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Can white people be victims of racism? Show more Show less
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In 2011 Harvard and Tufts universities published a landmark study into American attitudes to racism. Many found their findings surprising. White respondents believed their communities were subject to more racism than their black counterparts. Their belief was that post-civil rights efforts to correct anti-black prejudice had come at the expense of white people. But this idea of"reverse racism" frequently comes under fire . As study co-author Samuel Sommers writes, ""It's a pretty surprising finding when you think of the wide range of disparities that still exist in society, most of which show black Americans with worse outcomes than whites in areas such as income, home ownership, health, and employment." In the decade since the paper was published, this debate has become more central to the political agenda. Investigating prejudice, identity and ethnicity, has become critical to understanding how racism is performed and reproduced. So, can white people be victims of racism?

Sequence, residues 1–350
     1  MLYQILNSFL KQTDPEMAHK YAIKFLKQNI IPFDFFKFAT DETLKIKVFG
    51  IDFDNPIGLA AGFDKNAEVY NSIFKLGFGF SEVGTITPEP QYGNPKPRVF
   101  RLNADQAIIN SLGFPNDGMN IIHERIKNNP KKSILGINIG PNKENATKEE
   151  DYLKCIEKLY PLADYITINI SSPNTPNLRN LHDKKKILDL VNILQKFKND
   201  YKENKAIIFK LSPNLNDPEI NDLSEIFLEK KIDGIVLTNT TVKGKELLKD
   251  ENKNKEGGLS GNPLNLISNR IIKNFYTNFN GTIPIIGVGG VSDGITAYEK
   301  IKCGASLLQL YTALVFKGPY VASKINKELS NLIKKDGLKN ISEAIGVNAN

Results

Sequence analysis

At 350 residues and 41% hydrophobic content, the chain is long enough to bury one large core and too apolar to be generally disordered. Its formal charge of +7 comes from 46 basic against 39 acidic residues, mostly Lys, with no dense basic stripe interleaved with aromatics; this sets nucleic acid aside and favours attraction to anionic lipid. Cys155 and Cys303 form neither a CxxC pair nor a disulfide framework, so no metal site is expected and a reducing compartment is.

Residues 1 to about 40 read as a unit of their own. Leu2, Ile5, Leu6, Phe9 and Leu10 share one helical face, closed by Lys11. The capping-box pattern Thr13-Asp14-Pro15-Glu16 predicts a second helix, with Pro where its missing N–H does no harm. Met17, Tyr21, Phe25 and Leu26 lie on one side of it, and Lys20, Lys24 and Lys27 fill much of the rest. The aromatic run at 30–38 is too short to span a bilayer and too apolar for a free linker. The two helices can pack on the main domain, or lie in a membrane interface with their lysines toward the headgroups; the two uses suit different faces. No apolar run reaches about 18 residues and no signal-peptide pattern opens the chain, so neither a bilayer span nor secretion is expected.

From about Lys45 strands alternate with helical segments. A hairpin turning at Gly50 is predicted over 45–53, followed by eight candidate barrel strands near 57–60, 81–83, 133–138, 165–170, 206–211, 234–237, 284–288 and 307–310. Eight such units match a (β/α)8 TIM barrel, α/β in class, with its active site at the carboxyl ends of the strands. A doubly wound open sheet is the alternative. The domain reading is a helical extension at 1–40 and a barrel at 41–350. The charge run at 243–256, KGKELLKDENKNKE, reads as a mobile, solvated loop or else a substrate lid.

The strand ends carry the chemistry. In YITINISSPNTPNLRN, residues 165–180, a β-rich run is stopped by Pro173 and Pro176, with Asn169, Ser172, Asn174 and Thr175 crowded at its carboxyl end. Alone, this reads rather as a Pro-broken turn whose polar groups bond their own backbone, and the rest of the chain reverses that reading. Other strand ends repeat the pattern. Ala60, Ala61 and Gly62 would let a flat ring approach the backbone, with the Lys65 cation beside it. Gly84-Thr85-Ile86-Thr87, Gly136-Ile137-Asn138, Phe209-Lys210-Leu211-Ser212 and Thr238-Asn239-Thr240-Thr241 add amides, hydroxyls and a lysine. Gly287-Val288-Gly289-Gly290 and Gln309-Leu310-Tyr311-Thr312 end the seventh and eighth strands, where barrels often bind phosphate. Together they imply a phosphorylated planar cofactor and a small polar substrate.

Yes, white people can be victims of racism Show more Show less

This perspective looks at the everyday prejudices faced by white people as proof that they can be victims of racism.
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Institutional or systemic power is not a necessary component of racism.

Racism refers to the belief that some races are inferior to others. While this belief can be combined with social powers to disadvantage groups, power is not imperative in constructing racism. People can believe they are superior to other races, even if they are part of a discriminated group in their environment themselves.
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    This page was last edited on Friday, 11 Sep 2020 at 15:23 UTC

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